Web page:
Joel’s key message was that “Scientific UX Design is reproducible”: essentially drawing on the principles of the Lean Startup and applying them to the UX domain. His presentation was one of the most popular and engaging ones, and his quotes and examples garnered a lot tons of positive feedback. One thing that struck me was his exposition on the two types of creativity: Creative expression and creative problem solving. He noted that an over-applicability of creative expression can make you feel good as a designer, but result in an over-designed and bloated product:


Another talk I would highly recommend watching when it comes out on

Making Dog Food a Part of Your Balanced Diet

By Toby Sterrett

Toby used his work at Simple Bank to highlight the pros and cons of “eating your own dogfood”. The initial employees used the app themselves, and one of the downsides was that the missed revelation that users of such a smooth app had to deal with a paper form-based process to close their account, which took up to 20 days.

Another inspiring talk that you should definitely check out, full of quotes of wisdom like:

  • “Delight is design’s superpower”
  • A past discussion on Leadership strategy: “Build a shared vision, get the **** out of the way”
  • “UX is not about throwing technology at a problem, but throwing people at a problem”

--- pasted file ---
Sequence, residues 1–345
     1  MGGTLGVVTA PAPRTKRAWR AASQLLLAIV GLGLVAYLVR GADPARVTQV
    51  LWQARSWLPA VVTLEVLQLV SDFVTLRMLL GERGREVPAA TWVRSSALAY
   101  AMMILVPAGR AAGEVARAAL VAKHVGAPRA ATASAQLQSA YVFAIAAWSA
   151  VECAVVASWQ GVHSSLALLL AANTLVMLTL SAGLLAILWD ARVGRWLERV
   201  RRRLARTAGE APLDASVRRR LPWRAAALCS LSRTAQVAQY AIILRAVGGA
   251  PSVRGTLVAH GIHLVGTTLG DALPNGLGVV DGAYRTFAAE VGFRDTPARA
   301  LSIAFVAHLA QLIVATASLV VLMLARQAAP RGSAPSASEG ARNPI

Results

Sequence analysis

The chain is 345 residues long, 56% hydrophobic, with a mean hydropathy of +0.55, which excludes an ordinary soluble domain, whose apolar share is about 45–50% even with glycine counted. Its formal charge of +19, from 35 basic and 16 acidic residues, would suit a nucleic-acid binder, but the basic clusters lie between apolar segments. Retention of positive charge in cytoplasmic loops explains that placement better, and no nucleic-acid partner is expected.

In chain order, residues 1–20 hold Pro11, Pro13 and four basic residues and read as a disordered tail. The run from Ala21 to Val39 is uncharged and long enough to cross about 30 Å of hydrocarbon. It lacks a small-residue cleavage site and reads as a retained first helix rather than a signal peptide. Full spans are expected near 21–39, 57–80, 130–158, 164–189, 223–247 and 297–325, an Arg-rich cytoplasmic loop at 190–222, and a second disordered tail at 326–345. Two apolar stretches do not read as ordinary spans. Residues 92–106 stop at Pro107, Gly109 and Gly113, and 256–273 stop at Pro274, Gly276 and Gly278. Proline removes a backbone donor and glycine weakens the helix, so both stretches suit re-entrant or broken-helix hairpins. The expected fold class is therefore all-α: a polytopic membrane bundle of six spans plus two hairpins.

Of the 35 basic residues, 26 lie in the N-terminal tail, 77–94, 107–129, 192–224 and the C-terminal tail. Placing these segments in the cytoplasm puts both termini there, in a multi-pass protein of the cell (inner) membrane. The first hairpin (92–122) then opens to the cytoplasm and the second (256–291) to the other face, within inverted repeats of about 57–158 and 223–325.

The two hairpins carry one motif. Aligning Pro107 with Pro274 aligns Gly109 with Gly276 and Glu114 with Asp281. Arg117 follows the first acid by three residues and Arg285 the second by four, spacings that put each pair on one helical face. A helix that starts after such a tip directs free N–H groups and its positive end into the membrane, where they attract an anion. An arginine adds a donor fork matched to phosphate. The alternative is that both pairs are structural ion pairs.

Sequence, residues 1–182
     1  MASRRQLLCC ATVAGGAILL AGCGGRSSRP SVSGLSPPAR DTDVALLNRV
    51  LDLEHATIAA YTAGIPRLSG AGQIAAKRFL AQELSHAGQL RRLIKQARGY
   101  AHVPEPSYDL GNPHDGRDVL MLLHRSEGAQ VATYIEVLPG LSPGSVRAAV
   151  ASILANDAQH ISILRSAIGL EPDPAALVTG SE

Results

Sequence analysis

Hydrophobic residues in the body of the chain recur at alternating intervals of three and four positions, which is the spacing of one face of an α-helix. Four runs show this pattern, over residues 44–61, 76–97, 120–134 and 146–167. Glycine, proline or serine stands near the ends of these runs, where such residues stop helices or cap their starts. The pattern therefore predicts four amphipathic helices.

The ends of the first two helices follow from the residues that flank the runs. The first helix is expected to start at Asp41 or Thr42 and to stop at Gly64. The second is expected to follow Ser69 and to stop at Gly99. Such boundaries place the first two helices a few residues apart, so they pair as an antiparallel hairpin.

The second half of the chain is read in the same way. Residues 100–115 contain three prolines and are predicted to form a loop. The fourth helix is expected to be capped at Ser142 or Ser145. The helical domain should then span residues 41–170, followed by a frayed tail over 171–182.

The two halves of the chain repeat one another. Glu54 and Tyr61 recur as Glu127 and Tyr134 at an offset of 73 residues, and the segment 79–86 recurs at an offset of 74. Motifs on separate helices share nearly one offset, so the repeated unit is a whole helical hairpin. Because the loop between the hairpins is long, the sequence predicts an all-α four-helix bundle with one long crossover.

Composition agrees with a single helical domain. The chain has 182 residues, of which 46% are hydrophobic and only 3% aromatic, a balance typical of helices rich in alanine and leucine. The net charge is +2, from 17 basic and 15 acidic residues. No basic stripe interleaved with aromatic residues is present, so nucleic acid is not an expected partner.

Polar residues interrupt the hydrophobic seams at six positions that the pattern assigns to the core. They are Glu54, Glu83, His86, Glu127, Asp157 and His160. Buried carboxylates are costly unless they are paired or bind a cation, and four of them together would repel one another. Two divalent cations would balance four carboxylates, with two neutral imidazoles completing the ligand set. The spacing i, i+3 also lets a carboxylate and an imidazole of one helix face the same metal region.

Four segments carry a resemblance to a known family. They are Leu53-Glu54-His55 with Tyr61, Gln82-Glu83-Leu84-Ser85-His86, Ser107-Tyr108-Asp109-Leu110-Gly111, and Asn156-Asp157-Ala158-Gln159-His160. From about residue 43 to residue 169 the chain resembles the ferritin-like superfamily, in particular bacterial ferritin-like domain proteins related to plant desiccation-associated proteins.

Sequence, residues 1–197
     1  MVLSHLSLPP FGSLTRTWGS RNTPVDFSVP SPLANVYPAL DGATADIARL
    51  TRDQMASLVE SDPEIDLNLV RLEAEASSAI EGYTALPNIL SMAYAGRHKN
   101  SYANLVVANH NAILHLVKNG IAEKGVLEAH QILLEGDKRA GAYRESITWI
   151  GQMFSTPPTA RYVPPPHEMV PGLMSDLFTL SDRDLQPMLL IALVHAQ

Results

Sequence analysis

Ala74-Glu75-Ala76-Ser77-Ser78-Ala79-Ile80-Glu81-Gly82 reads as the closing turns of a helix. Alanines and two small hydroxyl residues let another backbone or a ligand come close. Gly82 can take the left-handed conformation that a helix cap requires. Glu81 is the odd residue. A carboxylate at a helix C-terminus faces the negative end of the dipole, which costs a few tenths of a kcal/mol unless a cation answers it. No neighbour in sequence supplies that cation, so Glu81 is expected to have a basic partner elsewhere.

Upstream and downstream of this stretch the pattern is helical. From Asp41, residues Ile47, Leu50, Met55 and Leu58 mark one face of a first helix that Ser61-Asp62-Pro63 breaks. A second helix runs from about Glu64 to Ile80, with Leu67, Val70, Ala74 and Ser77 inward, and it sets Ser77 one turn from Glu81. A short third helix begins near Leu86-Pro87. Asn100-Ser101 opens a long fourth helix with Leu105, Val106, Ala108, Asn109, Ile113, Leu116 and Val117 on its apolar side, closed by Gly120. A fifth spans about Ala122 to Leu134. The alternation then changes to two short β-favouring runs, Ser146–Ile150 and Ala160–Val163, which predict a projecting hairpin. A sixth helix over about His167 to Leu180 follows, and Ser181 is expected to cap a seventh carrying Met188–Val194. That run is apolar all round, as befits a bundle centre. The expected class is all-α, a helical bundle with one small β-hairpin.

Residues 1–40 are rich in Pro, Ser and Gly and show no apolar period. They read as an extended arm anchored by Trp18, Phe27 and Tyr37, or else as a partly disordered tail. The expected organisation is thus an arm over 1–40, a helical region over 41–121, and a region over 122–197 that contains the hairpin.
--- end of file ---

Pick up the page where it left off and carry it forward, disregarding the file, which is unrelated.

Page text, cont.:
On the other hand, Simple A/B tested as many as 16 variations of their login page (for more examples, check out

Live posters being created by @remarker_eu

Live posters being created by @remarker_eu

How We Built Hotjar and Onboarded 50k Users in a Year

By Dr. David Darmanin

David used practical examples from Hotjar to support his model of “Drivers, Barriers and Hooks” when dealing with site visitors. He also put a quirky twist on some timeless wisdom:

The two most amazing insights for me were:

  • Hotjar captures every single customer interaction on a Trello board, and uses that feedback to prioritize their features.
    • They also make their roadmap public, which demonstrates their commitment and at the same time reduces enquiries about feature requests
  • They use the income from their paid customers to fund the creative freedom to build features for their free customers

The Invisible Interface: Designing the Screenless Experience

By Avi Itzkovich

Avi, founder of UXSalon, opened with a discourse on recent editions of Microsoft Productivity Future Vision. From there he led the discussion on towards a future without bigger and wider screens (which wouldn’t require “superhuman arm strength”):

  • “The most profound technologies are the ones that become invisible” 
    • Like automatically opening sliding doors
  • “Voice UI is the future”
  • “Gesture control is here to stay, but not on screens”

The Best Interface is No Interface

By Golden Krishna